Another advantage to using the 401(k): those participants who want to diversify but do not pick new investments can be placed in the plan’s qualified default investment alternative (QDIA), Prodoehl adds. “The 401(k) plan’s QDIA will come into play just as it would for any other monies in the 401(k) plan where the participant fails to direct the investment,” he explains.

Imposing an early withdrawal penalty on participants that take a distribution seems odd to Prodoehl. “The IRS requires the plan sponsor to offer this to participants at age 55, but if it is processed as a distribution and the person doesn’t roll it over, they’re going to have pay a penalty,” he says. “There is no exclusion for [ESOP] diversification from [the early withdrawal penalty] rule.” The only way around it is to roll the distribution into a 401(k) or IRA until the participant is 59-1/2. “It could catch people. They think it’s a right they have, and they shouldn’t be penalized for early withdrawal—but they could be.”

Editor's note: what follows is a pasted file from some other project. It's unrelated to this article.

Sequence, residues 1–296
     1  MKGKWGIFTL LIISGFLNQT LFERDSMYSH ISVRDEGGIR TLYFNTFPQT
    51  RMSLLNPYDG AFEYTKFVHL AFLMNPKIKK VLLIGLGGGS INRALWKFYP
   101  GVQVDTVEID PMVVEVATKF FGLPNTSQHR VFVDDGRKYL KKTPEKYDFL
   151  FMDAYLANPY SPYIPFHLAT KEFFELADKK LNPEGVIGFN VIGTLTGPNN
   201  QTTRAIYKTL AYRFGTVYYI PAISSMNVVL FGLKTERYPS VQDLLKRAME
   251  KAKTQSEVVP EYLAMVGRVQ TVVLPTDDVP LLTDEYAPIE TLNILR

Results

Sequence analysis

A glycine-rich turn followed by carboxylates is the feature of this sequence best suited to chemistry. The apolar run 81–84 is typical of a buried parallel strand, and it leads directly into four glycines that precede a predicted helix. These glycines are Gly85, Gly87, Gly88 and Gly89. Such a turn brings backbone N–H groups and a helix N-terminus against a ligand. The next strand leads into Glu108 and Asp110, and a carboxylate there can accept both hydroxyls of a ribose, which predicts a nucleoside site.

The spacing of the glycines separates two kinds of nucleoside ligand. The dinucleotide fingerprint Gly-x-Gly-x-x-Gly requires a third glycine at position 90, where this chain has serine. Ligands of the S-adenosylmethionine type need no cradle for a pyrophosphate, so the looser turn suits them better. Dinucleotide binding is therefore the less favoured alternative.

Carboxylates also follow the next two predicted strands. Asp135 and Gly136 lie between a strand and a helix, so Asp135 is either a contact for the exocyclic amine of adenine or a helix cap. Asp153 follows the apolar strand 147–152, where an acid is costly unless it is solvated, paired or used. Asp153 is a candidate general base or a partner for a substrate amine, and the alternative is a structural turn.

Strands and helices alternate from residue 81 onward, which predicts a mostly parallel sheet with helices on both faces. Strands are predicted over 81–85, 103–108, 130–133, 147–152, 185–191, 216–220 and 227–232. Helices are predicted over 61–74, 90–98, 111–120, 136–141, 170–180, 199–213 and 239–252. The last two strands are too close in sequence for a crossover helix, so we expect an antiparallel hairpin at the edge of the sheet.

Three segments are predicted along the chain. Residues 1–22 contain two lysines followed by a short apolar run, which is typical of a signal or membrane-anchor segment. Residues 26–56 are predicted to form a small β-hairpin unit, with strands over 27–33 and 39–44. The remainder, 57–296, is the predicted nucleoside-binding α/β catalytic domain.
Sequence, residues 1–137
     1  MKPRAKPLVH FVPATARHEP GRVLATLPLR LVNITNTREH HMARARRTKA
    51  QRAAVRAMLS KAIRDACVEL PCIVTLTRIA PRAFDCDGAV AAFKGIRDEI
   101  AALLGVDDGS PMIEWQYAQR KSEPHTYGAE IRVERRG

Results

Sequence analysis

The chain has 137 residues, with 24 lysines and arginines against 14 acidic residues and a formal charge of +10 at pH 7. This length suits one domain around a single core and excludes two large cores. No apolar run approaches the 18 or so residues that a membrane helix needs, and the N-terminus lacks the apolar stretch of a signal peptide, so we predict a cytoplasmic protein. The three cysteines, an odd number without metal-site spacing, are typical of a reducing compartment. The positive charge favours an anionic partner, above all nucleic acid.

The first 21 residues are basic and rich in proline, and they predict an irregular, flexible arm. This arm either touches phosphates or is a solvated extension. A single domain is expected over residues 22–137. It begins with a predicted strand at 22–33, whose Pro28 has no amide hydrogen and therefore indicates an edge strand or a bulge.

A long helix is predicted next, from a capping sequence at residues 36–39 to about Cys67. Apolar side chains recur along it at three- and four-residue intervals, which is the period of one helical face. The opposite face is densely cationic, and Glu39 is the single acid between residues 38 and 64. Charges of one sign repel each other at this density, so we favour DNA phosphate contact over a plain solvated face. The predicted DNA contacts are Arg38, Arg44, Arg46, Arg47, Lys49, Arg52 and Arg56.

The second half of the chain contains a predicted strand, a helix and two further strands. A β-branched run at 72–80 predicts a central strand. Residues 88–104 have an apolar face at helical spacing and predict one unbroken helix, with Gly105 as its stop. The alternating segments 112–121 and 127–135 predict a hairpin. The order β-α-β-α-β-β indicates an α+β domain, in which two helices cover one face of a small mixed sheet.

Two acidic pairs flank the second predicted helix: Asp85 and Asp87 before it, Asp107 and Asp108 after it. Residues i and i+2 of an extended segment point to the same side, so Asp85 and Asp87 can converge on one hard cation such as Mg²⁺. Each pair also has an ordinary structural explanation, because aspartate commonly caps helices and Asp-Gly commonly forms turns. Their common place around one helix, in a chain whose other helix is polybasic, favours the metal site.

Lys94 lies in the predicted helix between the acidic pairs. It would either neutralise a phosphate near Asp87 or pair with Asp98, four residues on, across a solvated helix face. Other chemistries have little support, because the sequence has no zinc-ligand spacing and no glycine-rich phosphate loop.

No matter which option the plan sponsor chooses, the company is going to have to come up with the cash to liquidate those shares, Prodoehl points out. The best plan is for the company to look forward a couple of years to determine their list of eligible employees, and what its maximum exposure would be from a cash standpoint. “This way, it’s not a surprise when they have to offer it, and it’s a big number and they haven’t planned for it,” he says. “You don’t know what people are going to elect to do, but you know when it will happen and what the maximum amount could be, so you can prepare for it.”

More information, such as diversification examples and different compliance time frames, are detailed in “ESOP Diversification Requirements,” which can be downloaded from The Principal’s site.